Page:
The Empress of Britain was a steam turbine ocean linker that carried passengers between Canada and Europe between 1931 and 1939. She was the largest, fastest, most luxurious ship traveling this route during this time. On September 2, 1939, the United Kingdom declared war on the Nazi Empire in World War II.

Empress of Britain (Photo Credit: Stewart Bale)

On November 25, the Empress of Britain was requisitioned to transport troops. She made multiple transatlantic trips carrying troops from Canada to England during her service. On October 26, 1940, the Empress of Britain was bombed, and on October 28, she was sunk by a German U-boat.

While on her way to New York City, the Stockholm passenger liner collided with Andrea Doria, and the ship immediately started to list and take on water. Half of her lifeboats were underwater, which could have led to a significant loss of life, but the ship did not sink immediately.

Andrea Doria (Photo Credit: Pil56)

It stayed afloat for over 11 hours. Thanks to the actions of the crew, improved communication technology, and the rapid response of nearby ships, 1,660 crew and passengers were rescued. Around 50 people died.

Bianca C

The Germans first sank Bianca C during the Second World War. Workers raised her hull and refitted it as a cruise ship. On October 22, 1961, when docked near the Grenada coast, an explosion occurred in the engine room. Fires broke out onboard, and the ship sank. Nearly everyone made it off this ship. There was only one casualty.

Angelina Lauro first sailed in 1939. She was meant to be a ferry but was converted to a hospital ship during the war. When the war was over, the Angelina Lauro served as a passenger ship, cruising the world. She was sold in 1964 and refitted into a cruise ship and took her maiden voyage on March 6, 1966.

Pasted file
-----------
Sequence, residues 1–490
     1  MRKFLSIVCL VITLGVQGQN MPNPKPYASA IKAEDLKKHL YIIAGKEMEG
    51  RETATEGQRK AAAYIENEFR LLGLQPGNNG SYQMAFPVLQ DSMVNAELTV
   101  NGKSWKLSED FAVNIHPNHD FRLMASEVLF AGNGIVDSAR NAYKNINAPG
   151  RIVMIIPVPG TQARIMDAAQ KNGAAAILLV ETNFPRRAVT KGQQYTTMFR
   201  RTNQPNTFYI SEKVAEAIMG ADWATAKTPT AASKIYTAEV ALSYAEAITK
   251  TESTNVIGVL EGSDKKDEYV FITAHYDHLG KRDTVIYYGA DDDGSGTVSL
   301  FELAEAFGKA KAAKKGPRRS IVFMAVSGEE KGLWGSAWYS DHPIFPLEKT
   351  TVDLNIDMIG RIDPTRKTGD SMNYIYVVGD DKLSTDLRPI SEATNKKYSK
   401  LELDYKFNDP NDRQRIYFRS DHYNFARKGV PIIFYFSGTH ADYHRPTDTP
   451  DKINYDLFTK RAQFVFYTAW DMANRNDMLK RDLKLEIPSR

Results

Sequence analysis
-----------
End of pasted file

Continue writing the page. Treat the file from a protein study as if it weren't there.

Angelina Lauro in Tilbury, 1976 (Photo Credit: Tony Garner)

In March of 1979, the Angelina Lauro caught fire while she was docked in St Thomas. The fire continued for days, weakening the hull. The ship filled with water and sank on March 30th.

In 1972, the MS Mikhail Lermentov entered service as an ocean liner; a decade later, she became a cruise ship. The ship departed Sydney on February 6, 1986, headed for a two-week New Zealand cruise.

Mikhail Lermontov (Photo Credit: U.Gomez)

The MS Mikhail Lermentov struck rocks near Cape Jackson ten days into her journey. Most of the 743 passengers and crew on board escaped in a lifeboat. Paval Zagladimov, a crew engineer, was the only casualty.

SS Admiral Nakhimov (Photo Credit: SergBuilo)

In 1925, the SS Admiral Nakhimov sailed as a passenger liner called the SS Berlin. It was then a hospital ship and a passenger ship. In August 1986, the ship was involved in a collision in Tsemes Bay on the northern coast of the Black Sea. The ship sank quickly, and 423 people died.

Originally named the Moledet, this Greek cruise ship first sailed in 1961. On October 21, 1988, the MV Jupiter was hit by an Italian freighter off the coast of Greece while on a two-week Mediterranean study cruise, sinking shortly after. Counting the students, crew, and adults onboard, there were about 600 people onboard. Two crew members, one teacher, and one student were killed.

The MTS Oceanos, a Greek-registered ship, sank while traveling from East London, South Africa, to Durban through rough seas. The storm got worse as the ship sailed on.

MTS Oceanos

There were also some issues with the ship’s waste disposal system, and a vital ventilation pipe was broken. The pipe burst, and the ship filled with seawater. The captain and the crew abandoned the vessel. Thankfully, the entertainers on board took over the rescue efforts, and there were no fatalities.